This reality is exacerbated by a global economic system that’s based on supply and demand. Thus, with supply lessened, the price of food goes up, and the wealthy eat while the poorer classes are driven to starvation.
Even now, well into the twenty-first century, with all our technology and advanced agricultural techniques, humans are facing famines and the attendant misery, starvation, and death that follow in their wake. Though the causes are often a complicated mix of politics and war, environment, poor agricultural practice, and bad weather, famines are still a tragic reality.
In his record of the same discourse, Luke added a further worrying dimension: “There will be . . . pestilences” (Luke 21:11, emphasis added).
The hope of every generation is that with our advances in medical science we can wipe out diseases. Unfortunately, so far this hasn’t happened. Every year, especially in Africa, disease and pestilences kill as they attack crops and animals. The HIV epidemic has killed millions of humans, and every year or so we’re warned about the potential threat of various pestilences such as swine flu and bird flu. Scientists and bioterrorism experts were aghast when a biologist in Holland, researching bird flu, created a strain so contagious that it could kill “hundreds of millions” of people. Though none of the more recent epidemics have been hugely destructive,2 we don’t know what will happen in the future.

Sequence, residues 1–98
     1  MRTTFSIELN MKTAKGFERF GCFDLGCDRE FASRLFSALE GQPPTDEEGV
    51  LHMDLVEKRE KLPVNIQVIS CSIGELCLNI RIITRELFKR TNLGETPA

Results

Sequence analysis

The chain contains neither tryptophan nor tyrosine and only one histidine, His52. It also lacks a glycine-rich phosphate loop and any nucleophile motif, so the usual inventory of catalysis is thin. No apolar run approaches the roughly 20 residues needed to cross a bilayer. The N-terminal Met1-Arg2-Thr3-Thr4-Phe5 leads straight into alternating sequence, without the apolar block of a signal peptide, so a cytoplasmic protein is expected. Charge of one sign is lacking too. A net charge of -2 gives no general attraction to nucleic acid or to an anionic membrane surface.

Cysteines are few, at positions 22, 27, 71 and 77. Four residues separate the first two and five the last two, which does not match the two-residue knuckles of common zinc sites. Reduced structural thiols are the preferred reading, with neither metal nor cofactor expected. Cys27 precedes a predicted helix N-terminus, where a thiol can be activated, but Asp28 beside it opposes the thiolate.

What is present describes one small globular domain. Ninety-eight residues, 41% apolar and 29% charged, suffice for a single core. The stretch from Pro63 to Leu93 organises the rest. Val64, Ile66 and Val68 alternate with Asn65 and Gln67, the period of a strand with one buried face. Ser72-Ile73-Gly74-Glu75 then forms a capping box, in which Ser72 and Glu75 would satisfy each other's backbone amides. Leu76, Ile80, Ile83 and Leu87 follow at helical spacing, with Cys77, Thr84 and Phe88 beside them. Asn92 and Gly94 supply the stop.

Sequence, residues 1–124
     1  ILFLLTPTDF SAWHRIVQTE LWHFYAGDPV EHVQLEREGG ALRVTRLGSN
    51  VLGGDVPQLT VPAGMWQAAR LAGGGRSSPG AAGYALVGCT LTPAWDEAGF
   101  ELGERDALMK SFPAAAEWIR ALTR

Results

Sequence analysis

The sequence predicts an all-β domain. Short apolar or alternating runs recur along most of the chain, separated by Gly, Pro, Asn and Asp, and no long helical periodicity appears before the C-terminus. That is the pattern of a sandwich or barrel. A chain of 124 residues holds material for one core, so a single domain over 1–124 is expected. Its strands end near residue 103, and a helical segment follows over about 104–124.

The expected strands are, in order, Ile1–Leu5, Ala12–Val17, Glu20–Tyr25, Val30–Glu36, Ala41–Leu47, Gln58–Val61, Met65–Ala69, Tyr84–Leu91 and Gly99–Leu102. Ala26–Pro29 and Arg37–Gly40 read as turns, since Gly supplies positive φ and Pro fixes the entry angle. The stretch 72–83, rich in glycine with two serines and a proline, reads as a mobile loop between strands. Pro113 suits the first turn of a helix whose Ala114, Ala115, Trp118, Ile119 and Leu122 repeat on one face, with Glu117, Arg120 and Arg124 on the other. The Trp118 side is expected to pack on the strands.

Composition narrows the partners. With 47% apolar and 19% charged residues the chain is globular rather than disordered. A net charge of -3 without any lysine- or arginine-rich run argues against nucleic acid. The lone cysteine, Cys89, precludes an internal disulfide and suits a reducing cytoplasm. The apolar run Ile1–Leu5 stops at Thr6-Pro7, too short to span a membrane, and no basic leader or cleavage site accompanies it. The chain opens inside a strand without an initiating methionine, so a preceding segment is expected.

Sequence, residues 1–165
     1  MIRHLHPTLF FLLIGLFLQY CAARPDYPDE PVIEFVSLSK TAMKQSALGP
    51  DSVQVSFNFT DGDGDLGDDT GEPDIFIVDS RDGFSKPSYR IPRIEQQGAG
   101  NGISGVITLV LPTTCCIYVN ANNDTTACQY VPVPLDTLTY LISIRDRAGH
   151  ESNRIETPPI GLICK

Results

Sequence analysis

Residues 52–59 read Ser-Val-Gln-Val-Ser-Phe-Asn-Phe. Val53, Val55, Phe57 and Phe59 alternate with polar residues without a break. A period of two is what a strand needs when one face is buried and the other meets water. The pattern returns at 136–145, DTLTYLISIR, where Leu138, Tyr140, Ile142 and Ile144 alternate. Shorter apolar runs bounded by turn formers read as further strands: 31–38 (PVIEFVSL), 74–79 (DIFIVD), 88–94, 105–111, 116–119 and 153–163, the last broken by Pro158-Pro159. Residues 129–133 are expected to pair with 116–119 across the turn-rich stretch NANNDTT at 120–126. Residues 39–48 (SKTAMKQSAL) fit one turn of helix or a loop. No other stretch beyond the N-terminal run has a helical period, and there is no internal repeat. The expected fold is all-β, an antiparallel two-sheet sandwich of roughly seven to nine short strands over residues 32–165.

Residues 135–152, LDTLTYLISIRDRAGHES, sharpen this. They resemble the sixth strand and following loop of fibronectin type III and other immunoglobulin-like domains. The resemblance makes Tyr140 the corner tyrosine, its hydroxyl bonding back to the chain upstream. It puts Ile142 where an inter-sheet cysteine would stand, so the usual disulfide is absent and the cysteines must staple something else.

However, much about the future has been revealed in the prophecies of the Bible. And with our knowledge of them, we can recognize what we’ve been warned about as it unfolds before our eyes.
Fortunately, while these natural disasters are tragic, we don’t have to despair that everything in our world is meaningless and nothing more than a part of what it’s like to live in a cold and uncaring universe. Rather, we can believe in a caring, involved God who loves us, “who did not spare His own Son, but delivered Him up for us all, [therefore] how shall He not with Him also freely give us all things?” (Romans 8:32).
“All things”? That’s paradise, our world made new. Until then, things can look pretty bleak, but we can also draw comfort from something else Jesus said in the context of the tumultuous signs of the last days: “Now when these things begin to happen, look up and lift up your heads, because your redemption draws near” (Luke 21:28).
1. Bible texts in this article are taken from the New King James Version®. Copyright © 1982 by Thomas Nelson. Used by permission. All rights reserved.
2. Depending on the source that’s quoted, the Spanish Influenza of the last century killed somewhere between 20 million and 100 million people.